I’ve always been a fickle fan of makeup, mostly because I was never sure how to apply it. In high school I just caked my lids in a solitary shade of brown or black, and in college I called it a day with some eyeliner. If it ever impulsed me, I’d purchase eye shadow as long as it came as a palate with some kind of color-by-numbers picture on the back.

And then the strangest thing happened. I applied as a contestant in a local cultural festival – essentially, a pageant – and placed.


Keep in mind, my beauty skillz had in no way manifested themselves, but being so often in the seat of a  makeup stylist caused me to pick up a few of the basics. I suddenly had to reapply lipstick in the middle of the day and keep my new eyelashes faithfully glued on. I was both disaster and eager student until, eventually, I moved on to advanced-beginners techniques, like darkening my eyebrows and putting wings at the tips of my eyeliner.

And after nearly a year of needing to wear makeup, I’m still just learning things that kids in high school have long ago mastered.

However, I recently attended a MAC makeup session that managed to enhance my makeup knowledge while simultaneously (albeit gracefully) assaulting my bank account. The attendees circulated through three makeup stations that had looks focused on fresh and natural, drama and color, and “suburban urban.” With my minimalistic history, I was sold on everything that was demonstrated to us in station 1. Here’s what I walked away with:

From left to right: Brow finisher, brush 224, brush 187, studio moisture tint (medium plus), prep + prime lip base and mineralize concealer.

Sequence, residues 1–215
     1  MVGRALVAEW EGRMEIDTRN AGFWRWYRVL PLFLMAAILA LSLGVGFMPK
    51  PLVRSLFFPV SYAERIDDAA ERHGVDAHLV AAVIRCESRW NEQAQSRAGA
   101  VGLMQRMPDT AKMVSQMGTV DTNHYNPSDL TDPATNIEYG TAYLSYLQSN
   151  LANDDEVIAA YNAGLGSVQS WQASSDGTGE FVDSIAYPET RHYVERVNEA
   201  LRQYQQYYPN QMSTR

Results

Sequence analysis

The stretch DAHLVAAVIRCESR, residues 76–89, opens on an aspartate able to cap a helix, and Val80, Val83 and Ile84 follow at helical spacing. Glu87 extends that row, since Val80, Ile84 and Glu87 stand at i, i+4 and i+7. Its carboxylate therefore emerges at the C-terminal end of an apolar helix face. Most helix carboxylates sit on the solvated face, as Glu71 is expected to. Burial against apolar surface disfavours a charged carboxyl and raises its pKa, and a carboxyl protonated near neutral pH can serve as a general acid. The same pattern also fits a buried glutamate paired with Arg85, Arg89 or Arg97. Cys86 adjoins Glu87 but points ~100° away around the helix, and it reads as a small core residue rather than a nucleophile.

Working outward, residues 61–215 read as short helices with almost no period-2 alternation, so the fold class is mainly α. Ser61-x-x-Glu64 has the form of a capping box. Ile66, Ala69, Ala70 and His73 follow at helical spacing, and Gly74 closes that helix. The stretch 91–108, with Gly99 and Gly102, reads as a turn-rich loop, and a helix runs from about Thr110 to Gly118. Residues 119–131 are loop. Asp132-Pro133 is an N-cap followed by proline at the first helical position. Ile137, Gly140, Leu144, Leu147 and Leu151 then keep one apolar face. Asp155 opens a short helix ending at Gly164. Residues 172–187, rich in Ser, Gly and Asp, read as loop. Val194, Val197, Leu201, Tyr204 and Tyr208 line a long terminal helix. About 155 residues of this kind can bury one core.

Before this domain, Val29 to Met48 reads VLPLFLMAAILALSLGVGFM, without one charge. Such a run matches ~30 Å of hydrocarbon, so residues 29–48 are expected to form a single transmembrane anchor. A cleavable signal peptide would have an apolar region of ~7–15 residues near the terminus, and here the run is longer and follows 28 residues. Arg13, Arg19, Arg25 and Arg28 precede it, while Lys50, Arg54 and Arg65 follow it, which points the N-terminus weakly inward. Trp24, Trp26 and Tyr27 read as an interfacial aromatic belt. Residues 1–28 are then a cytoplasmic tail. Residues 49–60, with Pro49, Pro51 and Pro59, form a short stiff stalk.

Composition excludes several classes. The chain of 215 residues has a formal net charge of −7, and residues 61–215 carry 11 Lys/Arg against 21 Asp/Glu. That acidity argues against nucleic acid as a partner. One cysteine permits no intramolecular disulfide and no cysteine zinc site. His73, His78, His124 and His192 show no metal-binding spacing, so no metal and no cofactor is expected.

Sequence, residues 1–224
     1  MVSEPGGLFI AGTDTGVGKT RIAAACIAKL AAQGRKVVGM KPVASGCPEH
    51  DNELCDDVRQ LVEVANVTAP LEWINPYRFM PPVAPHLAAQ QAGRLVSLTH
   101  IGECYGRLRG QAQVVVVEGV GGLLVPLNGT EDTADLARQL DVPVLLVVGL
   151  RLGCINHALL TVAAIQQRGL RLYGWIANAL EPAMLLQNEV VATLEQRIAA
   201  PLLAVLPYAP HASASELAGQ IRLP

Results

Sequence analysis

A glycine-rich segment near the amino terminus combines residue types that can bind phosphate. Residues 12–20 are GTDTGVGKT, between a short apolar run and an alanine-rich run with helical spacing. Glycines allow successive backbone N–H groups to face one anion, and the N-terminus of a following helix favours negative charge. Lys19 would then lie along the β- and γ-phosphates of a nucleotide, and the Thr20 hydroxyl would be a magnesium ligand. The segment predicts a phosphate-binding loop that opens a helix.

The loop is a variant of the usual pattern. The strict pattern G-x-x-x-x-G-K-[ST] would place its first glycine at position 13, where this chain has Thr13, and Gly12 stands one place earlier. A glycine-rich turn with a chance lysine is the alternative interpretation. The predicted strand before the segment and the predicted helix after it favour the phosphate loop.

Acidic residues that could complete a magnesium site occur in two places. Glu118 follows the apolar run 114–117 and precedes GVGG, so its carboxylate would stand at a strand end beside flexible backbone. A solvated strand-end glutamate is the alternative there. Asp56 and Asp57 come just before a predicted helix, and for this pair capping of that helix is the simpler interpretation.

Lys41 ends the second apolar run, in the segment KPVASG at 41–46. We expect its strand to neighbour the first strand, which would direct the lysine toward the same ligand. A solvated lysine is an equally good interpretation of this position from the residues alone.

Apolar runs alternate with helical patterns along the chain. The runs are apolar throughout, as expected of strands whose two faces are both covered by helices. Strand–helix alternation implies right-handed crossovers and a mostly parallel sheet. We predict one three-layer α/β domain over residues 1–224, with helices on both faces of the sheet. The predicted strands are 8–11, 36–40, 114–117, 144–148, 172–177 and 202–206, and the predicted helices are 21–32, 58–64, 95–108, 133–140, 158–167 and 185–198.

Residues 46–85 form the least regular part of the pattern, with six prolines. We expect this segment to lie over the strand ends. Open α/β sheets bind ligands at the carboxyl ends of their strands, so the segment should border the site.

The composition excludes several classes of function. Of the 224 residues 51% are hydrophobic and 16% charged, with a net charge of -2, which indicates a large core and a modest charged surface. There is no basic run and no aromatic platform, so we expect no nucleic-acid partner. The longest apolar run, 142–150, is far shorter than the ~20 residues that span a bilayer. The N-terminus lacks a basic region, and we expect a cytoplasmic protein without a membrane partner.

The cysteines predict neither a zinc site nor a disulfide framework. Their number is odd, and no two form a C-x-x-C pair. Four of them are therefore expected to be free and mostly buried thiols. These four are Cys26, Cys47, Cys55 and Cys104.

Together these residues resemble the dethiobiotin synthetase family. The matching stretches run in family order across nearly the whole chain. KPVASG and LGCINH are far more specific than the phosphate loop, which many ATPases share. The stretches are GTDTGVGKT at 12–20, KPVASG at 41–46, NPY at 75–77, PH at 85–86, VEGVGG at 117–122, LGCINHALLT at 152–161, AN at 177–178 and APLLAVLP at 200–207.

The brow finisher I bought to restock my dwindling supply at home. It’s a wax-like stick that helps to keep brows (and the shadow I use to darken them) in place while also giving them a bit of health and shine.

Brush 224 is a blending brush and everyone at the event raved on how it would do all the hard work for me. I’m one of those kids who blends with my pinky finger (do not confess this to MAC personnel or people who are generally more fabulous than you) which works fine if you like the “I just rubbed all my eyeshadow off” look.

This big 187 brush serves multiple purposes, but I bought it as an applicator for the studio moisture tint. I’ve had a real tumulus relationship with foundation because I have freckles and love them to a fault. Foundation, in most cases, tends to cover them up and make it very obvious that I’m wearing makeup. MAC’s moisture tint, however, gave my face invisible coverage that provided much needed daily moisturizer and SPF – essential for a girl with freckles in Hawai‘i. I was told that I shouldn’t apply this foundation with my fingers (another silly question) and so I picked up that fancy brush to ensure I did things right.

Because I was wearing lipstick so frequently, I learned the hard way that I had dry lips. The prep + prime lip base is a type of lip conditioner that I picked up to replace one that I bought at Sephora, which left my mouth feeling like I had caked petroleum jelly on it. The lip base goes on smooth and preps the lips for lipstick or gloss. Without something on top, it feels a little waxy, but I had this on during my pageant night and it kept my color from feathering out.

Then of course, there’s concealer. This is probably something that every woman should own, at least for use in emergencies (ie. a pimple). I like a product that has multiple uses and I was won over when my stylist used it to cover some redness around my nose and those dark circles under my eyes. Tying in to my aversion of foundation, I stayed away from concealer for the same reasons and didn’t own any until this class. An atrocity! While most of my blemishes occur outside of my befreckled zones, by magic, it doesn’t conceal them either.